Intellectual property (IP) created at universities can contribute to economic and social development and can support entrepreneurs in generating income through innovative business ideas. Innovation arising out of university research constitutes a rich source of IP.
The challenge is how to make this IP available within the entrepreneurial ecosystem and this is where intellectual property rights (IPR) – the right that vests in a university over its innovation – plays a role, he said.
Becoming entrepreneurial universities
I recently delivered a presentation at the annual Executive Leadership Workshop (ELW) of the Entrepreneurship Development in Higher Education (EDHE) in Stellenbosch where the majority of South Africa’s 26 public universities were represented through deputy vice-chancellors, executives and other leaders relevant to entrepreneurship development.
I outlined key considerations in how university leadership could work towards university entrepreneurship. The EDHE programme provides a platform which assists universities to pivot towards becoming entrepreneurial universities which focus on leveraging its research and education towards economic and social development.
The entrepreneurial university represents an evolution from a focus on the traditional goals of education and research to a refocusing of these missions towards contributing to economic and social development within its community.
IPRs can assist universities in contributing to economic and social development through allowing effective management of university innovation to ensure inclusive access within the entrepreneurial ecosystem.
All university innovation, whether technical, agricultural, social or artistic has potential value within the entrepreneurial ecosystem.
University innovation is rendered legible and concrete through its associated IPRs which establish defined ‘intangible assets’. South African universities already have a wealth of assets.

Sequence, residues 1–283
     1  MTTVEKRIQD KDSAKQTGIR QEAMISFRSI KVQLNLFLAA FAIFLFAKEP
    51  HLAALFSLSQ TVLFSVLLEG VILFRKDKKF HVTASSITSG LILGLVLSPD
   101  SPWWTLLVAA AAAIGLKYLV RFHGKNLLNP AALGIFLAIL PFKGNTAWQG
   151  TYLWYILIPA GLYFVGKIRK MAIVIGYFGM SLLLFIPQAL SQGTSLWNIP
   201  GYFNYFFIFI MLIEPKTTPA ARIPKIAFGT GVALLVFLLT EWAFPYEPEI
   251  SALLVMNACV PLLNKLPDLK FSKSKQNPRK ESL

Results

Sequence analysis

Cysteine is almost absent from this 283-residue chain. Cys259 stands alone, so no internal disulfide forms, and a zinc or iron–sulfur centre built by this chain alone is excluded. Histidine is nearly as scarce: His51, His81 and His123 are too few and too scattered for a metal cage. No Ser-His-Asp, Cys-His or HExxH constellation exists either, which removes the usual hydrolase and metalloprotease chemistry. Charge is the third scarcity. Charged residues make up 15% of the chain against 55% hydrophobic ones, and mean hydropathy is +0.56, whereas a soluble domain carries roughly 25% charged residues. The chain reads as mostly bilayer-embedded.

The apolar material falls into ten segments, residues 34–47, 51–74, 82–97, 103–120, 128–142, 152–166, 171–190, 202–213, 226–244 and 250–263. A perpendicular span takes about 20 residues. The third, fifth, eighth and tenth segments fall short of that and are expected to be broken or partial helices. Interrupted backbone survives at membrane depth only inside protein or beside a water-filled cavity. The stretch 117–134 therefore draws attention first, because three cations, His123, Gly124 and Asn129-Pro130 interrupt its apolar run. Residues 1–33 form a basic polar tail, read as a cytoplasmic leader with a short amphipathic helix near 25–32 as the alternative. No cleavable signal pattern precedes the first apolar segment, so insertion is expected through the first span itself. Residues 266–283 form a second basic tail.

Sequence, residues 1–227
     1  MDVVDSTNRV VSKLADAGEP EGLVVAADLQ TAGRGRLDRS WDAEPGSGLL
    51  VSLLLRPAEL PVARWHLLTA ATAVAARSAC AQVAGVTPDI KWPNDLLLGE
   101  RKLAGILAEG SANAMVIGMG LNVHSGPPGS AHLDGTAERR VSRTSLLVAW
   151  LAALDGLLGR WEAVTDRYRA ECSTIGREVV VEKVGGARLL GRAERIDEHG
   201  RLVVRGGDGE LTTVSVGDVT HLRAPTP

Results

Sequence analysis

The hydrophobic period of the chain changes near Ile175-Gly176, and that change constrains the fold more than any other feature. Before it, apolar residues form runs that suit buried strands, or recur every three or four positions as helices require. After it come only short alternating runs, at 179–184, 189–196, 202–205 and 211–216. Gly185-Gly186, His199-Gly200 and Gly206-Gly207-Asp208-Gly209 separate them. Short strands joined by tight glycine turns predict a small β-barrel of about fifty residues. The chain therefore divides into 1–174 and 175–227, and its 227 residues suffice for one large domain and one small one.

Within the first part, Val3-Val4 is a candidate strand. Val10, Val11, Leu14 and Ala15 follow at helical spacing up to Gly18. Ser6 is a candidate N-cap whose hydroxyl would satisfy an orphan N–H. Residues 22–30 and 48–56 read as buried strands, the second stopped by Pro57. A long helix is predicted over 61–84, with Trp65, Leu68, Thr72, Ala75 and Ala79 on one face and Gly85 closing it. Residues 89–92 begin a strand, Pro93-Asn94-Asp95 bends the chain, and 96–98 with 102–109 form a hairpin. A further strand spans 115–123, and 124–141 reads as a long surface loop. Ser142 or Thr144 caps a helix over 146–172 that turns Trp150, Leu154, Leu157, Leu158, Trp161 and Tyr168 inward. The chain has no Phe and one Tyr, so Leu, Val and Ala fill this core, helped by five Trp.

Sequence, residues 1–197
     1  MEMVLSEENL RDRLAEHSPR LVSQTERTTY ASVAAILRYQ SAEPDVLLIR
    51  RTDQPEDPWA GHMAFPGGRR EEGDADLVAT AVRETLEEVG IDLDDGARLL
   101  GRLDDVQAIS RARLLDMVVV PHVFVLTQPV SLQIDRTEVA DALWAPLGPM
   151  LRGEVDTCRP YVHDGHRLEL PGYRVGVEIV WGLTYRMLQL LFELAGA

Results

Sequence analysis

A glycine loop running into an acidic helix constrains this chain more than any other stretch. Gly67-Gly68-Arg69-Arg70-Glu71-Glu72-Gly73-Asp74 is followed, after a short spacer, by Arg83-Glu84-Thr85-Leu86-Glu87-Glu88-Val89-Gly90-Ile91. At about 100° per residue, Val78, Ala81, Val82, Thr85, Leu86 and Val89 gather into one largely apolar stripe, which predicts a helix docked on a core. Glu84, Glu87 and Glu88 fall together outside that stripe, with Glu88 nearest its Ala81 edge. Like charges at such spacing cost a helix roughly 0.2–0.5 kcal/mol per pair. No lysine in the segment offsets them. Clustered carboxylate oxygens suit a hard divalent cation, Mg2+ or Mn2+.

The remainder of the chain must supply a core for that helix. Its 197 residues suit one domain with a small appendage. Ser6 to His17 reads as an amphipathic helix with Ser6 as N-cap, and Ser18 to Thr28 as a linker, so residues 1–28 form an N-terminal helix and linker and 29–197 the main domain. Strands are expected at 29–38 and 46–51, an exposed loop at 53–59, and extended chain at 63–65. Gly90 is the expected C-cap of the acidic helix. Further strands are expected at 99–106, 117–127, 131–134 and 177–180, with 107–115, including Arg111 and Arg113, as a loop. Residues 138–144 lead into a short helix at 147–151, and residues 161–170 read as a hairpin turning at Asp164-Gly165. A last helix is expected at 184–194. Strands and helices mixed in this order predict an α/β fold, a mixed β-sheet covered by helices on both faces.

In 2018 alone, more than 1,000 disclosures were managed by universities and more than 150 patent families were managed by universities.
Contributing to economic and social development
The challenge for the South African entrepreneurial university is, therefore, not necessarily in innovating, but rather how to manage access to its IPRs so that it can be translated into products, processes and services by entrepreneurs towards the economic and social benefit of South Africa.
According to Statistics SA, South Africa’s official unemployment rate at the end of 2020 stood at a record high of 32.5% with a youth unemployment rate of over 60%.
For a university to contribute to economic and social development, and the creation of jobs, a key focus must be on supporting the entrepreneurial ecosystem, which includes not just early-stage businesses (start-ups) but also existing firms.
Innovation is a facilitator of entrepreneurship and access to innovation must be pursued in an inclusive manner for better alignment to correct past injustices and inequality.
Bridging the knowledge transfer gap between a university and the entrepreneurial ecosystem will require establishing a policy and competency framework to allow for effective and efficient access to university innovation.
This policy and competency framework should include a focus on creating continuity in the interface between the university, its innovators and industry.